On February 22 2019, Luxembourg's tax authority issued an
administrative circular to clarify new rules surrounding
permanent establishments (PEs).
The Luxembourg law, dated December 21 2018 and applicable
from January 1 2019, includes measures that amend the domestic
definition of a PE to apply where a double non-taxation
situation can arise under a tax treaty.
The February circular confirms that if a relevant tax treaty
contains a definition of a PE, that definition will prevail.
However, if there is no definition, Luxembourg's domestic law
will apply to determine whether a Luxembourg taxpayer has a PE
in another country.
The following additional conditions must also be fulfilled
for a Luxembourg taxpayer to have a PE:
- Independent activity: The taxpayer must
bear the responsibility and risk for the activities, and not
be acting within the scope of a dependent relationship;
- Participation in economic life: The
relevant activity, when considered in isolation, constitutes
an independent activity of an industrial or a commercial
nature, and represents a "participation in the general
economic life in the foreign state". Despite the contrary
position expressed in some commentaries to the law due to an
interpretation of this concept in Luxembourg case law, the
requirement cannot exclude financing and intellectual
property rights activities per se. This must be determined on
a case-by-case basis, taking into account the type of assets,
the size of the transaction and the organisational
- Proof from the PE state: The Luxembourg
tax authorities may require confirmation that the authorities
of the state where the PE is located and carries out
activities recognises the PE.
The latter point is dependent on the following
- When the relevant treaty does not include
a provision similar to Article 23(a)(4) of the 2000 OECD
model treaty (i.e. providing that Luxembourg will not be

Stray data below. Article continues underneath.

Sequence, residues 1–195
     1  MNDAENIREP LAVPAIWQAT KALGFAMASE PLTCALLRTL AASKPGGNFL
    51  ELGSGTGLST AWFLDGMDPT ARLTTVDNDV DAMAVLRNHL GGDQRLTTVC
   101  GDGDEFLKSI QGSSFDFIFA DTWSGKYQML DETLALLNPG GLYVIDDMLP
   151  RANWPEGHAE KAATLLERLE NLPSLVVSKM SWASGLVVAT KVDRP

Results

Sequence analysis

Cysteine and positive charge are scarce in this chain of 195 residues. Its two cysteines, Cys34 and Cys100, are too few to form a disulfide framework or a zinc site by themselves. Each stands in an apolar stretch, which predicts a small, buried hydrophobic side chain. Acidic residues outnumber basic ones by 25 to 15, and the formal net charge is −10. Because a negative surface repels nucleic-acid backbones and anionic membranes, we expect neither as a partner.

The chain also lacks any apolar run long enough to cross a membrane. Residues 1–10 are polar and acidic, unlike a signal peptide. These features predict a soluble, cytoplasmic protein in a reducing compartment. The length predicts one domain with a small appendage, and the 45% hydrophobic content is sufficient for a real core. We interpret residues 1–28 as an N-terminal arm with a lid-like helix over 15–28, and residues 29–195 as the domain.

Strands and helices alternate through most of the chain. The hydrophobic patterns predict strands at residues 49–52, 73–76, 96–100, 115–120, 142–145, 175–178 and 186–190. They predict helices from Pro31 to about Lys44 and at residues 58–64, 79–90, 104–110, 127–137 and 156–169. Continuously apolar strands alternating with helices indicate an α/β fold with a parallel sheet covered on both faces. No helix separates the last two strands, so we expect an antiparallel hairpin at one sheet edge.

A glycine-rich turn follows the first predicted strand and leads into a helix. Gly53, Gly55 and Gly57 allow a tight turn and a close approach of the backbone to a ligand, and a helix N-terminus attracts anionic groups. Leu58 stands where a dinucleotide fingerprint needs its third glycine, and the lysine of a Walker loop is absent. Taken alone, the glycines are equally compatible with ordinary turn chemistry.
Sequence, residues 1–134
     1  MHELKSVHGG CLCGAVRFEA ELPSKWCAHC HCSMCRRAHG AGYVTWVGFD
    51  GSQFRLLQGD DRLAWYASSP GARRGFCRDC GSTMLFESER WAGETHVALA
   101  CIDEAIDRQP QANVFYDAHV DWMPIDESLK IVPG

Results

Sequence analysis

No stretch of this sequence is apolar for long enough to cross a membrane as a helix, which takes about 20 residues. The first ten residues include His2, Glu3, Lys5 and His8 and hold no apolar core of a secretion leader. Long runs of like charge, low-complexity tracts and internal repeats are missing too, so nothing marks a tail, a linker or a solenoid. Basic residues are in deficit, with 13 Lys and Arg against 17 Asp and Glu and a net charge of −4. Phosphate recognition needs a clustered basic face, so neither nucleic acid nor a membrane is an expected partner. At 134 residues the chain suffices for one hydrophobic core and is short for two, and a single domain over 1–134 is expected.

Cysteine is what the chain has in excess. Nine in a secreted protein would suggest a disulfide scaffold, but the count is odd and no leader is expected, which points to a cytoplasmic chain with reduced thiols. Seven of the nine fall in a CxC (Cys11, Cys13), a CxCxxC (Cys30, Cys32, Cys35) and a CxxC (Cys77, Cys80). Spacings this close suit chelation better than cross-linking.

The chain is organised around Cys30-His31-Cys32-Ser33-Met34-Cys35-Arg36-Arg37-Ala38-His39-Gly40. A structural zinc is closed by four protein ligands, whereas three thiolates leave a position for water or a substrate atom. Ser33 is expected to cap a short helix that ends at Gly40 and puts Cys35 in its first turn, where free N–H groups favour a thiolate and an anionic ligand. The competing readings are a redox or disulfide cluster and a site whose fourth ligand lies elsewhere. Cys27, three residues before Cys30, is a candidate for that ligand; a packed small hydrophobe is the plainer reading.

required to grant an exemption for income when the other
state's interpretation of the treaty results in an exemption
or limited taxation), the taxpayer is always required to
provide the confirmation; and
- When the treaty does contain a provision
similar to Article 23(a)(4), the Luxembourg tax authorities
may request the confirmation when the assessment of the
relevant facts is not straightforward (e.g. when the PE's
activities do not involve material infrastructure or human
In both cases, the circular clarifies that the recognition
of PE status may be demonstrated through any type of
documentation issued by the competent authorities of the PE
state, such as a tax assessment.
However, simply producing a document authorising the PE to
carry out commercial activities in the country is insufficient.
The absence of such proof will result in the denial of PE
The new statutory provision embraces the international tax
efforts inspired by the BEPS project and addresses double
non-taxation situations arising from the misinterpretation of a
treaty that may potentially not be captured by the OECD
In practice, the determination of whether a PE exists
essentially remains an analysis of the facts and circumstances,
with a more sophisticated appreciation of the PE's
However, the proof of recognition in the PE state seems to
add a new element of formality to the analysis. How these new
rules will be applied in practice may provide useful guidance
in the future.
Christophe De Sutter (firstname.lastname@example.org) and Veronika Lavore (email@example.com)